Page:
The Tipanya brothers’ interest in Sufi music comes from interactions with diverse singers on their travels and at music festivals. They have been rehearsing over the last few months to present much loved Sufi songs such as ‘Allah Hu’, ‘Nit Khair Manga’, and ‘Aaj Rang Hai’, among others. They hold Pakistani qawwals Nusrat Fateh Ali Khan and Abida Parveen in great esteem.
This collaboration also includes Devnarayan Saroliya and Mahesh Yadav from Madhya Pradesh, who have been performing with the Tipanya family. Joining them are Vedanth Bharadwaj from Chennai, and Bindhumalini Narayanaswamy from Bangalore, both of whom are trained in classical music. This coming together of the folk, the classical, and the qawwali forms, was the brainchild of Falguni Desai, coordinator of the Kabir Festival.
“I was apprehensive about an art form that I am not traditionally trained in. Without the guru-shishya tradition, it might sound like an imitation of what I have heard as recording. That was my worry. Over the last year, my relationship to qawwali has changed. It makes my soul soar. It is a new found love,” says Narayanaswamy.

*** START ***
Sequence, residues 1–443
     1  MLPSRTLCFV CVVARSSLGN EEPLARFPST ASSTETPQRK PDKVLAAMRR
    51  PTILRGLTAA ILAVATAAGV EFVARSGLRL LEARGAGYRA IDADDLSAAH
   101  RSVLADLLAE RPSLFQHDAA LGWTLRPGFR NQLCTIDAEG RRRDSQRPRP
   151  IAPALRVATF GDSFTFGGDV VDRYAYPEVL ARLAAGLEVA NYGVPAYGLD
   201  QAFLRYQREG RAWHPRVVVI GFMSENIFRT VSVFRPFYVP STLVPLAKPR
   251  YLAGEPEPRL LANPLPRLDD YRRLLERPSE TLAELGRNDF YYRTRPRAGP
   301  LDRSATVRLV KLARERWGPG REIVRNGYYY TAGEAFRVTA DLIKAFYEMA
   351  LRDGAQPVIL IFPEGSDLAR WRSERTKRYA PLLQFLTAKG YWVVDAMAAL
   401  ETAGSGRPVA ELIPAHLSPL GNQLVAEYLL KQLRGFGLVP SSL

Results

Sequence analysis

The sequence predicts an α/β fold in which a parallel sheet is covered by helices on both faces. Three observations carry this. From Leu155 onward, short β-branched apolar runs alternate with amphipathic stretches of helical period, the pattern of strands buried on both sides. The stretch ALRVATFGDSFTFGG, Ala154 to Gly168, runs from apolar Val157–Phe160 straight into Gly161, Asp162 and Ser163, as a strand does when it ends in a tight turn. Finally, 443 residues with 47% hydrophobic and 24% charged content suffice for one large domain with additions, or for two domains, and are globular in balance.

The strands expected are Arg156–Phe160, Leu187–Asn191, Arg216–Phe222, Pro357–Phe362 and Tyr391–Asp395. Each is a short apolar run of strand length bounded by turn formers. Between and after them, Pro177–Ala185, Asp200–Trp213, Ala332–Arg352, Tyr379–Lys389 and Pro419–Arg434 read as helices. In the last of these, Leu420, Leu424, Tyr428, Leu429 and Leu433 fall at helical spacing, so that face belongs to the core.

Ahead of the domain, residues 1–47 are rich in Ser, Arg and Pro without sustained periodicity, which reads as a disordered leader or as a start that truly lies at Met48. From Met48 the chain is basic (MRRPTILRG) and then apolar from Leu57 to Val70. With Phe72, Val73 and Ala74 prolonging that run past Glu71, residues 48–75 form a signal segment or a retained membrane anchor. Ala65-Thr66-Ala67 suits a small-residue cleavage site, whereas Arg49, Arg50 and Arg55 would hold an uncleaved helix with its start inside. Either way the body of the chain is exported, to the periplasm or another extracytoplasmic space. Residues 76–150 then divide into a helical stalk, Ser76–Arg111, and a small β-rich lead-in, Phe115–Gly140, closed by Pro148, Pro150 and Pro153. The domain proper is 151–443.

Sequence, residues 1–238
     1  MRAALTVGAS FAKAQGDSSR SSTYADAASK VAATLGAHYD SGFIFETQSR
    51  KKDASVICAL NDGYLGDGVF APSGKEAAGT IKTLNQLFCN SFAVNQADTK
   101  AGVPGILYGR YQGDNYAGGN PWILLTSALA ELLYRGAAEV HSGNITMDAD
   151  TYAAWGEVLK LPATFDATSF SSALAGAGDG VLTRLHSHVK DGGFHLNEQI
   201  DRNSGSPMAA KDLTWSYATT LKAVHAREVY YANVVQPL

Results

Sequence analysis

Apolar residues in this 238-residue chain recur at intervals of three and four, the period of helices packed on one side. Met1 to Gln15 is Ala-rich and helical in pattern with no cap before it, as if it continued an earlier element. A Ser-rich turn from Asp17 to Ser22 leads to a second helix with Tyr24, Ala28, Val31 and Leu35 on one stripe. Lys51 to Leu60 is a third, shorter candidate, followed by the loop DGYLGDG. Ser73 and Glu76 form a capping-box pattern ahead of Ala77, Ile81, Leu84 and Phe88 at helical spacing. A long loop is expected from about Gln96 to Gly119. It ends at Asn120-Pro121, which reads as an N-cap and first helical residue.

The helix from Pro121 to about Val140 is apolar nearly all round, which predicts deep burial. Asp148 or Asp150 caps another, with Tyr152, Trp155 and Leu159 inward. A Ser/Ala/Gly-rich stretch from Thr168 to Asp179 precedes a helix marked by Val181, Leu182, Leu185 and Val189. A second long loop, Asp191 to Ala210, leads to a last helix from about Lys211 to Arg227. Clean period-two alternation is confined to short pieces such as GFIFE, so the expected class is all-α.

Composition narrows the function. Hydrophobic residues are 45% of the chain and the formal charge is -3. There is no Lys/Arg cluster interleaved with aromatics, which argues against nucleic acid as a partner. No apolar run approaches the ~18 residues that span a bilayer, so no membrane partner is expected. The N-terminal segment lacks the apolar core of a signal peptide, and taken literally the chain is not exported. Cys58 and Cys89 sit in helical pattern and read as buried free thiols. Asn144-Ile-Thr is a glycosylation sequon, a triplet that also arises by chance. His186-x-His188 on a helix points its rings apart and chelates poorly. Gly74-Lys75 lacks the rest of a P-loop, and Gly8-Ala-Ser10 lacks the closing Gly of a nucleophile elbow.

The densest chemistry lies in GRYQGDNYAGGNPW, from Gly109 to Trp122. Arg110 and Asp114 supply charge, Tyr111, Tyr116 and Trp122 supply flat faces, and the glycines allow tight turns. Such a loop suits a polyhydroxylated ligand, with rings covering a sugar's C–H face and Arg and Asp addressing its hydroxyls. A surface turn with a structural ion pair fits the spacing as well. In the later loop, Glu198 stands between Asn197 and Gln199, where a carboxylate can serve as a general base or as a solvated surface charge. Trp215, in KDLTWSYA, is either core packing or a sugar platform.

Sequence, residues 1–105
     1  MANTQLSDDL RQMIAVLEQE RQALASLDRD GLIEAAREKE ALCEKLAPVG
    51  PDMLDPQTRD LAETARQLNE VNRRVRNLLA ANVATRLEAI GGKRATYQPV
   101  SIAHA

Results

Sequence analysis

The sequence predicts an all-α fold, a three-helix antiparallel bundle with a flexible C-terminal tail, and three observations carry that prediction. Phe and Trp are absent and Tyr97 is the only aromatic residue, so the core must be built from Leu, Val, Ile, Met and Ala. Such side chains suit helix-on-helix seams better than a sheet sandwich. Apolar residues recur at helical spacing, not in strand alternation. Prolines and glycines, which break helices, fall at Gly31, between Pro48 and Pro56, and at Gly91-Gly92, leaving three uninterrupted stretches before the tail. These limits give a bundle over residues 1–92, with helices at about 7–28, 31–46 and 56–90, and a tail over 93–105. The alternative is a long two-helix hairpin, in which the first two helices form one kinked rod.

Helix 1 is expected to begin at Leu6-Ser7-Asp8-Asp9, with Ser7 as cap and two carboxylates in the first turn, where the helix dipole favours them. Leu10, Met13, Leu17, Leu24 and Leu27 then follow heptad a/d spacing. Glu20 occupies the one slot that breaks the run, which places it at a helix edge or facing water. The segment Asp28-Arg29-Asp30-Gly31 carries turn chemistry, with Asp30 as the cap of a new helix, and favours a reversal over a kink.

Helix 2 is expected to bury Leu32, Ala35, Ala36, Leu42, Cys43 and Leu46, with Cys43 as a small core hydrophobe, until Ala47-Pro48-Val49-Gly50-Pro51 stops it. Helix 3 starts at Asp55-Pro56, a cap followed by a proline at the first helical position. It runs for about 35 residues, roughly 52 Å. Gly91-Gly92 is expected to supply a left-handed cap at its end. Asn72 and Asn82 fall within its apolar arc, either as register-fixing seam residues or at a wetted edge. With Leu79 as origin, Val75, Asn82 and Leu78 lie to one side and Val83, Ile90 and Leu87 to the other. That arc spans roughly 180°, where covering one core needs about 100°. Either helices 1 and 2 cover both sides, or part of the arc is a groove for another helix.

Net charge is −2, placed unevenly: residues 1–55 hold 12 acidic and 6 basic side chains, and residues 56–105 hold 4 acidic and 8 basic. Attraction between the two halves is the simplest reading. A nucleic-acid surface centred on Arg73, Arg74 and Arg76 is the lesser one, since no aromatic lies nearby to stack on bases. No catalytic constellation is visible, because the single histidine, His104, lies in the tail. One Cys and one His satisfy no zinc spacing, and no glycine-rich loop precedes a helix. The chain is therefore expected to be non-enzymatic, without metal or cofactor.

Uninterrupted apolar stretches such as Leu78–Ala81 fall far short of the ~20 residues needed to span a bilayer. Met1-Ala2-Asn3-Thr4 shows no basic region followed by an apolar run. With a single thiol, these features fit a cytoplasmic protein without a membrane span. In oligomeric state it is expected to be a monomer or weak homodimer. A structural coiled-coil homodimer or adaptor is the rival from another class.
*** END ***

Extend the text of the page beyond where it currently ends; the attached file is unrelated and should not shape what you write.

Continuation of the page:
Chintan Girish Modi is a freelance writer.
In January 2014, the first time SAHER (Society for Awareness, Harmony and Equal Rights), a Mumbai-based NGO staged a musical performance for the Kabir Festival there was not a single Muslim in attendance. But when the same musicians sang, ‘Allah Hu’ later that evening, people came out in hordes to see the performance.
Located in Jogeshwari, SAHER’s office is sandwiched between impoverished Muslim and Hindu communities on both sides. “The young people from the Muslim community, who have grown up in the ghettos aren’t aware that Kabir’s songs are not Hindu devotional songs but deeply connected to Islam as well,” says Rama Shyam, one of the co-directors of the organisation known to work with children and young people from various religious communities, especially with that of the nearby slums of the neighbourhood. It works towards a holistic peace building among various religious communities through various activities.